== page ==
7.  Marijuana and Adolescence: What Can We Learn From Primates? 
The American journal of psychiatry  2014;171(4):381-383.
doi:10.1176/appi.ajp.2014.14010085
PMCID: PMC5074382  PMID: 24577331
8.  Contact With Mental Health and Primary Care Providers Before Suicide: A Review of the Evidence 
The American journal of psychiatry  2002;159(6):909-916.
Objective
This study examined rates of contact with primary care and mental health care professionals by individuals before they died by suicide.
Method
The authors reviewed 40 studies for which there was information available on rates of health care contact and examined age and gender differences among the subjects.
Results
Contact with primary care providers in the time leading up to suicide is common. While three of four suicide victims had contact with primary care providers within the year of suicide, approximately one-third of the suicide victims had contact with mental health services. About one in five suicide victims had contact with mental health services within a month before their suicide. On average, 45% of suicide victims had contact with primary care providers within 1 month of suicide. Older adults had higher rates of contact with primary care providers within 1 month of suicide than younger adults.
Conclusions
While it is not known to what degree contact with mental health care and primary care providers can prevent suicide, the majority of individuals who die by suicide do make contact with primary care providers, particularly older adults. Given that this pattern is consistent with overall health-service-seeking, alternate approaches to suicide-prevention efforts may be needed for those less likely to be seen in primary care or mental health specialty care, specifically young men.
doi:10.1176/appi.ajp.159.6.909
PMCID: PMC5072576  PMID: 12042175
9.  Risperidone Nonadherence and Return of Positive Symptoms in the Early Course of Schizophrenia 
The American journal of psychiatry  2011;168(3):286-292.
Objective
This study examined the effect of medication nonadherence on the return of positive symptoms among recent-onset schizophrenia patients.
Method
Three sets of operational criteria for medication nonadherence with differing levels of severity were compared for their ability to predict relapse. Explicit operational criteria are provided with the hope that they will be adopted by others. Psychotic symptoms were prospectively rated on a frequent basis, and systematic criteria were applied using a computer scoring program to identify periods of psychotic symptom return. In addition, a specialized statistical survival analysis method, optimal for examining risk periods and outcomes that can recur during the follow-up assessment, was used.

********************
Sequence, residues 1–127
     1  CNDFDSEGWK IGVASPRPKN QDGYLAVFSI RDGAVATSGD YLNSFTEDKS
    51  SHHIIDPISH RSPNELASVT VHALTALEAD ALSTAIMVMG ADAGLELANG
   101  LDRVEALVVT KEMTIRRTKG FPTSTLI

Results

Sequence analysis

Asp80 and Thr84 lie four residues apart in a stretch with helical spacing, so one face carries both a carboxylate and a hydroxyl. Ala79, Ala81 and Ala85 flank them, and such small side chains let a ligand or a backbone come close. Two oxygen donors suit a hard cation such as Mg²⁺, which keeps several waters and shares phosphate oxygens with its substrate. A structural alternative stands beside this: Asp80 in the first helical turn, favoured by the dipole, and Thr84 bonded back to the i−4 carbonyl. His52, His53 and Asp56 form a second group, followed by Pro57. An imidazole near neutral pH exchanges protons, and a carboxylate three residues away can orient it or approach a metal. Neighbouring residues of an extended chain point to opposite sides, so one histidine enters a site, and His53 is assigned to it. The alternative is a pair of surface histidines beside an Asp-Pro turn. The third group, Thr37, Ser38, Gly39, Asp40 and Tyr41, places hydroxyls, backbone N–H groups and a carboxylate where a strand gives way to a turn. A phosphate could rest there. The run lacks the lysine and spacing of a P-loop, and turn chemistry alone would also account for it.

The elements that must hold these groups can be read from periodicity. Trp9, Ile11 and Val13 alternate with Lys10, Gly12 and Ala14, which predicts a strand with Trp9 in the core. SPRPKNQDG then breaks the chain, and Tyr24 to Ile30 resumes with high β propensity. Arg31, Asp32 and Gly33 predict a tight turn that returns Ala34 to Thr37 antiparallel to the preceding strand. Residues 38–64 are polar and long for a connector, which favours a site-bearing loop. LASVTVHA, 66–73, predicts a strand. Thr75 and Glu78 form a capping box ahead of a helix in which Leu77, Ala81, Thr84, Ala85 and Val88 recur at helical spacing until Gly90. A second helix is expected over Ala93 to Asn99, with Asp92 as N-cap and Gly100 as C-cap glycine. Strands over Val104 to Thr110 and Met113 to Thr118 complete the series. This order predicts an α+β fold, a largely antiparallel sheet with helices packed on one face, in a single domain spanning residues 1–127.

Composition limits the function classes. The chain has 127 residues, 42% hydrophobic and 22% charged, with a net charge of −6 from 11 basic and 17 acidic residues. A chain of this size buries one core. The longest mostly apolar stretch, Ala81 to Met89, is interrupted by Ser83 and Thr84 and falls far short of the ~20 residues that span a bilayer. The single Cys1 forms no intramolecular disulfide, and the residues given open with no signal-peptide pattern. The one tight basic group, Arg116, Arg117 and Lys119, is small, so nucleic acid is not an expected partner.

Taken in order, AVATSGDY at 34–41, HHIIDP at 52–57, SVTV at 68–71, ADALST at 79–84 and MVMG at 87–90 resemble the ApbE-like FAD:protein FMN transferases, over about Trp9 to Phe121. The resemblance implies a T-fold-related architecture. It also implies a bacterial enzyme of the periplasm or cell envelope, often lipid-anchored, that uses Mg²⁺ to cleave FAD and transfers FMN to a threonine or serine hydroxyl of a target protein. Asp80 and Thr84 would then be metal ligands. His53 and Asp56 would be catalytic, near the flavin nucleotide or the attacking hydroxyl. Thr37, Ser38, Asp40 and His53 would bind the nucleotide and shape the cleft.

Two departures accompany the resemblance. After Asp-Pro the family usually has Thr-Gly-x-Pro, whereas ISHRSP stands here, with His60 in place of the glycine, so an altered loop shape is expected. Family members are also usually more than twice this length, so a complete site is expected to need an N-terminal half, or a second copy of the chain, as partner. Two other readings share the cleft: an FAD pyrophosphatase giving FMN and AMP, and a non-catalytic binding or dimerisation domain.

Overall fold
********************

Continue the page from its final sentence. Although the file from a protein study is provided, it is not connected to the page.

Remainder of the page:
Results
As hypothesized, medication nonadherence robustly predicted a return of psychotic symptoms during the early phase of schizophrenia (hazard ratios=3.7–28.5, depending on the severity of nonadherence).
Conclusions
Even brief periods of partial nonadherence lead to greater risk of relapse than what is commonly assumed. Patients in the early phase of schizophrenia should be cautioned about the possible consequences of partial or relatively brief periods of antipsychotic medication nonadherence.
doi:10.1176/appi.ajp.2010.09010087
PMCID: PMC5069345  PMID: 21205805
10.  In Vivo Measurement of GABA Transmission in Healthy Subjects and Schizophrenia Patients 
The American journal of psychiatry  2015;172(11):1148-1159.
Objective
Postmortem studies in schizophrenia reveal alterations in gene products that regulate the release and extracellular persistence of GABA. However, results of in vivo studies of schizophrenia measuring total tissue GABA with magnetic resonance spectroscopy (MRS) have been inconsistent. Neither the postmortem nor the MRS studies directly address the physiological properties of GABA neurotransmission. The present study addresses this question through an innovative positron emission tomography (PET) paradigm.
Method
The binding of [11C]flumazenil, a benzodiazepine-specific PET radiotracer, was measured before and after administration of tiagabine (0.2 mg/kg of body weight), a GABA membrane transporter (GAT1) blocker, in 17 off-medication patients with schizophrenia and 22 healthy comparison subjects. Increased extracellular GABA, through GAT1 blockade, enhances the affinity of GABAA receptors for benzodiazepine ligands, detected as an increase in [11C]flumazenil tissue distribution volume (VT).
Results
[11C]Flumazenil VT was significantly increased across all cortical brain regions in the healthy comparison group but not in the schizophrenia group. This lack of effect was most prominent in the antipsychotic-naive schizophrenia group. In this subgroup, [11C]flumazenil ΔVT in the medial temporal lobe was correlated with positive symptoms, and baseline [11C] flumazenil VT in the medial temporal lobe was negatively correlated with visual learning. In the healthy comparison group but not the schizophrenia group, [11C]flumazenil ΔVT was positively associated with gamma-band oscillation power.
Conclusions